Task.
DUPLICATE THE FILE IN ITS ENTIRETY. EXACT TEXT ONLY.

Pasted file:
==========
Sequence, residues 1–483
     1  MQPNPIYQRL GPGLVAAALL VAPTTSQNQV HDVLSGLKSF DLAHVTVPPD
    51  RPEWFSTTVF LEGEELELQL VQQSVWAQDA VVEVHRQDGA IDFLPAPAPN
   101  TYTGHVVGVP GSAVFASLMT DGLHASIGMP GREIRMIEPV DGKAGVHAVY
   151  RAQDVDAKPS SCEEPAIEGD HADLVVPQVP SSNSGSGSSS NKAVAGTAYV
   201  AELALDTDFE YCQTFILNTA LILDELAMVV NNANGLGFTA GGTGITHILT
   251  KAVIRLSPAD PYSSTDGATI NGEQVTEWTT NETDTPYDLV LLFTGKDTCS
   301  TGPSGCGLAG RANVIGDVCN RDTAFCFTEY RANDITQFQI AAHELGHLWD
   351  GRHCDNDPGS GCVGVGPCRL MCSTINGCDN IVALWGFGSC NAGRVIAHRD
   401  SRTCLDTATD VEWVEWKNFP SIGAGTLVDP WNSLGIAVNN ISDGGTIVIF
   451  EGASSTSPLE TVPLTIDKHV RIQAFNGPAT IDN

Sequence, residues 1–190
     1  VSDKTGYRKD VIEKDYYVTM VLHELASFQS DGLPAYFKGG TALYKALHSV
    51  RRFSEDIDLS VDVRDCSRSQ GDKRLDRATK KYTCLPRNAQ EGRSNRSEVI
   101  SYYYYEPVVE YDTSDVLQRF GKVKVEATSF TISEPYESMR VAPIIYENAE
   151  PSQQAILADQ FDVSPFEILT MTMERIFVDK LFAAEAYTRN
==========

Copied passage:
Sequence, residues 1–483
     1  MQPNPIYQRL GPGLVAAALL VAPTTSQNQV HDVLSGLKSF DLAHVTVPPD
    51  RPEWFSTTVF LEGEELELQL VQQSVWAQDA VVEVHRQDGA IDFLPAPAPN
   101  TYTGHVVGVP GSAVFASLMT DGLHASIGMP GREIRMIEPV DGKAGVHAVY
   151  RAQDVDAKPS SCEEPAIEGD HADLVVPQVP SSNSGSGSSS NKAVAGTAYV
   201  AELALDTDFE YCQTFILNTA LILDELAMVV NNANGLGFTA GGTGITHILT
   251  KAVIRLSPAD PYSSTDGATI NGEQVTEWTT NETDTPYDLV LLFTGKDTCS
   301  TGPSGCGLAG RANVIGDVCN RDTAFCFTEY RANDITQFQI AAHELGHLWD
   351  GRHCDNDPGS GCVGVGPCRL MCSTINGCDN IVALWGFGSC NAGRVIAHRD
   401  SRTCLDTATD VEWVEWKNFP SIGAGTLVDP WNSLGIAVNN ISDGGTIVIF
   451  EGASSTSPLE TVPLTIDKHV RIQAFNGPAT IDN

Sequence, residues 1–190
     1  VSDKTGYRKD VIEKDYYVTM VLHELASFQS DGLPAYFKGG TALYKALHSV
    51  RRFSEDIDLS VDVRDCSRSQ GDKRLDRATK KYTCLPRNAQ EGRSNRSEVI
   101  SYYYYEPVVE YDTSDVLQRF GKVKVEATSF TISEPYESMR VAPIIYENAE
   151  PSQQAILADQ FDVSPFEILT MTMERIFVDK LFAAEAYTRN